In the criminal-to-criminal malware supply chain, one key player, the Russian gang Fin7, is representing itself online as a legitimate company, the Wall Street Journal reports in an exclusive. "Bastion Secure" (which the Journal archly notes uses the letters "BS" as its logo) claims to be a provider of cybersecurity services. The point of their online presence appears to be recruiting.
International efforts to curb ransomware find themselves up against pervasive corruption in Russia, as Mieke Eoyang, US deputy assistant defense secretary for cyber policy, told DefenseOne.
Magnitude exploit kit adds Chromium capabilities.
Avast reports that the Magnitude exploit kit has added capability against the Chromium family of browsers, exploiting the CVE-2021-21224 and CVE-2021-31956 vulnerabilities. Avast noted, "There is no malicious payload attached to these exploits yet, the attack just exfiltrates the victim's Windows build number. Since this is the standard way for Magnitude to test new CVEs, we believe these exploits could soon be used to deploy the #Magniber ransomware."
The Record finds it noteworthy that a moribund exploit kit obtained a relatively advanced capability. On the bright side, the exploit works against a relatively small range of targets.
Exploit broker looks for the goods on cloud-based VPNs.
The well-known exploit broker Zerodium is looking for exploitable flaws in ExpressVPN, NordVPN, and Surfshark. They're interested specifically in "information disclosure, IP address leak, or remote code execution," and say that "local privilege escalation is out of scope." The Record says the three VPN vendors haven't commented.
CISA warned Thursday that a GPS Daemon (GPSD) rollover bug will hit Network Time Protocol servers this Sunday, October 24th, rolling the date back 1024 weeks (it's a punning bug: ten twenty four, like Sunday's date) to March 2002, with predictable disruption to services using NTP. The problem affects only GPSD versions 3.20 through 3.22. The fix is an obvious one: upgrade systems to version 3.23 or later. CISA recommends that concerned users consult the SANS Institute's account of the bug for more background and information.
Crime and punishment.
The US Justice Department has charged eight Nigerian citizens with "multiple federal crimes relating to internet scams they perpetrated from South Africa." The individuals were arrested in Cape Town on Tuesday and are alleged to be members of the Nigerian mafia known as "Black Axe" or the "Neo Black Movement of Africa." The Justice Department stated, "From at least 2011 through 2021, the Black Axe defendants and other conspirators worked together from Cape Town to engage in widespread internet fraud involving romance scams and advance fee schemes. Many of these fraudulent narratives involved claims that an individual was traveling to South Africa for work and needed money or other items of value following a series of unfortunate and unforeseen events, often involving a construction site or problems with a crane. The conspirators used social media websites, online dating websites, and voice over internet protocol phone numbers to find and talk with victims in the United States, while using a number of aliases."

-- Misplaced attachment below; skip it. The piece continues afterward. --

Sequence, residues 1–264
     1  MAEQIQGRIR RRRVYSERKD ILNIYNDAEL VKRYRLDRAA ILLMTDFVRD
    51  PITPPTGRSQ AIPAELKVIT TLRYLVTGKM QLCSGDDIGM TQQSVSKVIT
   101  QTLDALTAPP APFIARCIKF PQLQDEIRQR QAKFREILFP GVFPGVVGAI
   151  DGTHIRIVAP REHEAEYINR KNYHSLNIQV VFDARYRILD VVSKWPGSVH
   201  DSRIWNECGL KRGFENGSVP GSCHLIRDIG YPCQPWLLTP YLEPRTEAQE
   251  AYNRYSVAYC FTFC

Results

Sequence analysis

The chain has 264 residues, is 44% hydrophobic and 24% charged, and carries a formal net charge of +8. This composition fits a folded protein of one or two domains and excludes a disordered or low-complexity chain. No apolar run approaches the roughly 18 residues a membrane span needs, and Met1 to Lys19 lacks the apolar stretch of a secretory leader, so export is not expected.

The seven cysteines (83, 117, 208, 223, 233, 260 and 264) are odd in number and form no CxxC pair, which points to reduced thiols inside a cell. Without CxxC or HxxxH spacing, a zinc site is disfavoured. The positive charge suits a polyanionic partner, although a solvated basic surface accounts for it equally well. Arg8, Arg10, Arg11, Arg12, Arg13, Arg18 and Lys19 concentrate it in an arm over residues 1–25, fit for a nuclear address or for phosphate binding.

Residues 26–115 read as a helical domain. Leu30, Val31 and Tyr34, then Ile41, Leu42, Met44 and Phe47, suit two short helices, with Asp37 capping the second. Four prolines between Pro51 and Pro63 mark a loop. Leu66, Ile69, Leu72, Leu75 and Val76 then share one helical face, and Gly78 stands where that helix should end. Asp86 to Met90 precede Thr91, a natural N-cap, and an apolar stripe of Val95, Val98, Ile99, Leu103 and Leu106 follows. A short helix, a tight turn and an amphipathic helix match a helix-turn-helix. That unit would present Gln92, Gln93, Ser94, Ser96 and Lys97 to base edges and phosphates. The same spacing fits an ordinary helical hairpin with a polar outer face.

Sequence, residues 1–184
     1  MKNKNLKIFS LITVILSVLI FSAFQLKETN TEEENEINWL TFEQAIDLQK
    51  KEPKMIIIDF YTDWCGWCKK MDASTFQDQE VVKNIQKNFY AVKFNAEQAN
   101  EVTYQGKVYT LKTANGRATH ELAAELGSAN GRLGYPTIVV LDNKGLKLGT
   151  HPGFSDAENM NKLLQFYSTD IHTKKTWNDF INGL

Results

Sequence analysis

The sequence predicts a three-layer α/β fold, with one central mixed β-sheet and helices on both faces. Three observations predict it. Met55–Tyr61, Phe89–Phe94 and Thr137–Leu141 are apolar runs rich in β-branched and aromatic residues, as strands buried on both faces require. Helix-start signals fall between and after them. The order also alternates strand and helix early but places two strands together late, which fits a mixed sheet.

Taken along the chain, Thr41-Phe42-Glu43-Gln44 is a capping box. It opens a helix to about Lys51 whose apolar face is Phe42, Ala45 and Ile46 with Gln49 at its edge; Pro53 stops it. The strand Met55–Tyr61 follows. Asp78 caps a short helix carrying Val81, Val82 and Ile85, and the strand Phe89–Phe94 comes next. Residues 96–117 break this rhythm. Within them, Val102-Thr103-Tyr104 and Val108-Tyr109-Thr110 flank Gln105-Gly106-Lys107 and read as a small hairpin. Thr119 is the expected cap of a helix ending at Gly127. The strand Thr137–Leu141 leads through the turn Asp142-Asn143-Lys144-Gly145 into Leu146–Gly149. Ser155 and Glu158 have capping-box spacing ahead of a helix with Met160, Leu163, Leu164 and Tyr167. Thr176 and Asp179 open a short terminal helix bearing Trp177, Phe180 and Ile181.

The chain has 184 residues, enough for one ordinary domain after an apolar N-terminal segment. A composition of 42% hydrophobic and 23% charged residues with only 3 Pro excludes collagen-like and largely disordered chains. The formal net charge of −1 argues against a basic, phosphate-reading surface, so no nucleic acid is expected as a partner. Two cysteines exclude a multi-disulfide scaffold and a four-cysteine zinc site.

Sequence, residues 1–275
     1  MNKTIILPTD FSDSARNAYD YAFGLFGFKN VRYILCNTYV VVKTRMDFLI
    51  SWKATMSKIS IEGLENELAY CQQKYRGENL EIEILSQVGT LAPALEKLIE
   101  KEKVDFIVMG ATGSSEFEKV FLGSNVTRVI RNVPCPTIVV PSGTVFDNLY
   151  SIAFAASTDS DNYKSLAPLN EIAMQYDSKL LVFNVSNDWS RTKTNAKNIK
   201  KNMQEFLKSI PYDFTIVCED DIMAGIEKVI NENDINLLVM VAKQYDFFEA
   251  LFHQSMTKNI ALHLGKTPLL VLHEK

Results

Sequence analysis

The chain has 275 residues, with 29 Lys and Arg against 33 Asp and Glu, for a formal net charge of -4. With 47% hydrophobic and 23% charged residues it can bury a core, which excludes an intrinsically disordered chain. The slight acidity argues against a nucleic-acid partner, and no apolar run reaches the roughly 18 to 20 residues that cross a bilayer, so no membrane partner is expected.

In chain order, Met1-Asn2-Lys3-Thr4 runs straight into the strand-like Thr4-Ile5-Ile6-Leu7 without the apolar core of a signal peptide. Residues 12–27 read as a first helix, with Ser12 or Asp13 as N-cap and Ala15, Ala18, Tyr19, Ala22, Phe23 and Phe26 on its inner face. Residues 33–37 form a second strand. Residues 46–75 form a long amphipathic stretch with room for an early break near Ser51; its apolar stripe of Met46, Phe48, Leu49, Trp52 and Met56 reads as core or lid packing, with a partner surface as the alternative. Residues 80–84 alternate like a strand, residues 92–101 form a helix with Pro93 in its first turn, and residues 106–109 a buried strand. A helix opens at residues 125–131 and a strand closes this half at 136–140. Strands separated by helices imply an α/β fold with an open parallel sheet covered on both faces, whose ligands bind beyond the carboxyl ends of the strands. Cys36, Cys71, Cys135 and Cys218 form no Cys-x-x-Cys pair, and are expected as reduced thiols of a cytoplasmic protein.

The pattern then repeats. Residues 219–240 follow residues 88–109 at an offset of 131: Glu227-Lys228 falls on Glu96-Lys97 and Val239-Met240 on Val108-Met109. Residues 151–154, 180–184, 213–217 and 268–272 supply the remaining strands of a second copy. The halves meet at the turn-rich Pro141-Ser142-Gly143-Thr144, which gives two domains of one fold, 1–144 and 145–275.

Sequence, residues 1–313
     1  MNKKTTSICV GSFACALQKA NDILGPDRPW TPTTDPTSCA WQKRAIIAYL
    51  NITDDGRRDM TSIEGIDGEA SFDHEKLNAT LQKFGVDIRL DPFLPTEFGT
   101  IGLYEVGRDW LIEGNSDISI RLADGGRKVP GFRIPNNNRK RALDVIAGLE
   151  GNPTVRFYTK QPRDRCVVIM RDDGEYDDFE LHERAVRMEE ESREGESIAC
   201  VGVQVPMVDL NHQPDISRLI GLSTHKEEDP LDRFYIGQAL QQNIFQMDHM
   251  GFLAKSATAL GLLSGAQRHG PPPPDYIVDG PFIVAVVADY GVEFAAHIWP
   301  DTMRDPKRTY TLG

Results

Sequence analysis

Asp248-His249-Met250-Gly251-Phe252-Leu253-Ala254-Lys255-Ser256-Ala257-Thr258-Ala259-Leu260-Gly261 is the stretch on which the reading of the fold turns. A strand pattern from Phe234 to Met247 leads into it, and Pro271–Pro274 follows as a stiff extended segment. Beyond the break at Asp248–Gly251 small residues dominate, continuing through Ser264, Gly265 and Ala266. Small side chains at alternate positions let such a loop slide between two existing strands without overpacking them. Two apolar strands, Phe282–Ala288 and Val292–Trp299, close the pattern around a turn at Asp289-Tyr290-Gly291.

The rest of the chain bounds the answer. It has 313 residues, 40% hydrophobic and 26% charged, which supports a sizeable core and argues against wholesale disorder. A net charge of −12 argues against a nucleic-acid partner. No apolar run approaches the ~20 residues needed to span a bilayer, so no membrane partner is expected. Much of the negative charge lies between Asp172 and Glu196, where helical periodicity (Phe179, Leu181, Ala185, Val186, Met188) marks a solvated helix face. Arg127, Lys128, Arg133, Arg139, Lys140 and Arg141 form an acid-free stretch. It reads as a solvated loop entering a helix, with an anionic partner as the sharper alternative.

The US Justice Department has sentenced Pavel Stassi of Estonia to 24 months in prison and Aleksandr Skorodumov of Lithuania to 48 months in prison for providing bulletproof hosting services for criminals. Justice stated, "According to court documents, Stassi and Skorodumov were members of a bulletproof hosting organization founded and led by two co-defendants, Aleksandr Grichishkin and Andrei Skvortsov, both 34 and of Russia. The group rented IP addresses, servers, and domains to cybercriminal clients who employed this technical infrastructure to disseminate malware used to gain access to victims’ computers, form botnets, and steal banking credentials for use in frauds. Malware hosted by the organization included Zeus, SpyEye, Citadel, and the Blackhole Exploit Kit, which attacked U.S. companies and financial institutions between 2009 and 2015 and caused or attempted to cause millions of dollars in losses to U.S. victims."
Courts and torts.
Facebook CEO Mark Zuckerberg has been added to a lawsuit filed by Washington, DC Attorney General Karl Racine over the Cambridge Analytica scandal, the Verge reports. Racine stated on Twitter, "Our continuing investigation revealed that he was personally involved in decisions related to Cambridge Analytica and Facebook’s failure to protect user data. My office filed our lawsuit in 2018, and since then, we’ve reviewed hundreds of thousands of pages of documents produced in litigation and completed a wide range of depositions including former employees and whistleblowers. This lawsuit is about protecting the data of half of all District residents and tens of millions of people across the country."
According to CNBC, Facebook spokesperson Andy Stone said in response, "These allegations are as meritless today as they were more than three years ago, when the District filed its complaint. We will continue to defend ourselves vigorously and focus on the facts."
Amazon has appealed an $865 million fine by the EU for allegedly violating GDPR, the Washington Post reports.
Policies, procurements, and agency equities.
Some security firms see, according to the Wall Street Journal, a middle ground in incident response between supine victimhood and aggressive (also probably illegal) hacking back. It involves both information-gathering and direct, legally menacing confrontation. Some members of the US Congress may be interested in encouraging the private sector to undertake more deterrence of cybercriminals.